Torah Portion: Re’eh (See) Devarim (Deuteronomy) 11:26-16:17

HafTorah: Isaiah 54:11-55:5

This week we read a Torah section whose main theme is the future Temple and singular place of worship for Jewish people. As you go through this section you will see time and again the distinctiveness of this place of worship. We see it in the food laws, in that only kosher animals can be brought for sacrifice. We see that only Passover, Shavout and Sukkot are mentioned among the holidays. These are the three holidays where Israel, as a people, were called to come to Jerusalem to celebrate together. We also see it in the setting up of Jerusalem as different from the customs of the local inhabitants, who had a multitude of places to worship. All of this points to the fact that the people of G-d were to be different from those around them.

G-d puts this pretty clearly in the opening verse when He says “see.” What does this word mean to us? What does, “see” mean? Does it mean to only be aware, or does it mean to get to the level of seeing the rationale behind what G-d says, or does it go deeper?

Here it means to comprehend at its deepest level, to see with spiritual eyes the benefit of G-d’s Word. To see to the level that it changes our lives. Take for example, the act of helping the poor. Is it enough to give money or even deliver food to a person? Given, that is better than nothing. But I think G-d is asking us to, “see” with His eyes. To see and be able to go further than just the mechanical part but to be G-d’s agent to touch people with a kind word or gentle look. Then we are really seeing. Then we are G-d’s people doing His work for His kingdom. This is seeing.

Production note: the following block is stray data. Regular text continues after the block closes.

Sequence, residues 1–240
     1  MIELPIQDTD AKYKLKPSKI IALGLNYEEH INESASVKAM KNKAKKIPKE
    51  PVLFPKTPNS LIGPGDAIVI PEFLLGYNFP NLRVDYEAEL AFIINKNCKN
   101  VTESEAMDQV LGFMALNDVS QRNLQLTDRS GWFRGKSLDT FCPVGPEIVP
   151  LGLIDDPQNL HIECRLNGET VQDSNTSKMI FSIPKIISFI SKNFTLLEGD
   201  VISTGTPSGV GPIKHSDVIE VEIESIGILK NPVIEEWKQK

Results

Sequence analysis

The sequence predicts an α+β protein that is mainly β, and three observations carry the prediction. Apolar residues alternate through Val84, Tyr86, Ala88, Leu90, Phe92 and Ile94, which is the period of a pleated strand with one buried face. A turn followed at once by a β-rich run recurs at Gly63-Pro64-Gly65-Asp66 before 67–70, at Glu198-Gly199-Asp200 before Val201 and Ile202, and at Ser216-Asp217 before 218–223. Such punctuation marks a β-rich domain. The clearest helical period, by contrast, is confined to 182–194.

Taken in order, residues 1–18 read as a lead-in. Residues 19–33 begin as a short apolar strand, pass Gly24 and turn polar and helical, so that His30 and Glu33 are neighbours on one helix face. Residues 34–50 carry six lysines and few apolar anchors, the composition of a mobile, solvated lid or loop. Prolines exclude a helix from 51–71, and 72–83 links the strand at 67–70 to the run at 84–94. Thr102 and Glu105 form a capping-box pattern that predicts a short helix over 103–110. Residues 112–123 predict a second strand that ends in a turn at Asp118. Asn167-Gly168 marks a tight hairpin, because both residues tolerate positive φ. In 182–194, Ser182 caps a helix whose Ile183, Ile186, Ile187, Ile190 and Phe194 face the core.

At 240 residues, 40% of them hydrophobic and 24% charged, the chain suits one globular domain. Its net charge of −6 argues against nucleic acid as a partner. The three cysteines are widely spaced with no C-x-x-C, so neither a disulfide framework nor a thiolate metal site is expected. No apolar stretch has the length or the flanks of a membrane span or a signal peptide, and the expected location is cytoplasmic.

Now to my question: Please look at Deut. 12:28, paying attention to the part of the verse, “when you do that which is good and right in the eyes of the Eternal, your G-d.” In my question I asked you to consider the difference, if any, between good and right. Right is the Hebrew word, “yashar,” or straight, not twisted. First, good in the sight of G-d, I think has to do with how we can discern what G-d sees as good, for example, praying, reading His word, studying what His word says to us. I think as believers we have a pretty good grasp on what G-d sees as good. Morality is built on it. We know these things in our mind. Now what is right or straight. Let me lay out a picture that might help. Deut. 12:2 tells Israel what to do with places of idol worship. What strikes us is how common these places were, under any tree, on any mountain or hill. Idolatry seems like an easy path to follow in that any time you need a fix, any hill or mountain might do. It was and is an instant salve or instant gratification. What are some examples of how we as believers quickly move to instant gratification instead of the more difficult search for G-d’s solution to our problems? Now contrast this with Jerusalem (Psalms 125:2) Jerusalem is surrounded by mountains. It took work to get there. There were hills and valleys that required effort. Even today the road is winding filled with curves.

So unlike idolatry, which gives instant gratification, G-d’s people, in order to live a straight life, are required to make the effort. It does not come easy. It is more than just knowing the words. It is more than even understanding them. It is putting them into practice. It is climbing onward and upward. If not, we find ourselves relatively unchanged as far as our day to day life is concerned. We go to meetings, we know the liturgy but then we go back to our lives once it is over. G-d has to have an effect on our lives daily. Kindness and the love of G-d must be a daily part of who we are. Only when we climb the mountain to Jerusalem can we begin to see with G-d’s eyes. As G-d penetrates our lives we being to see clearly. In Psalms 125, a song of assent, we read of G-d’s goodness to those who are good and are straight in their hearts. For this reason I send questions each week so each of us can see and grow and climb, to become truly the people of G-d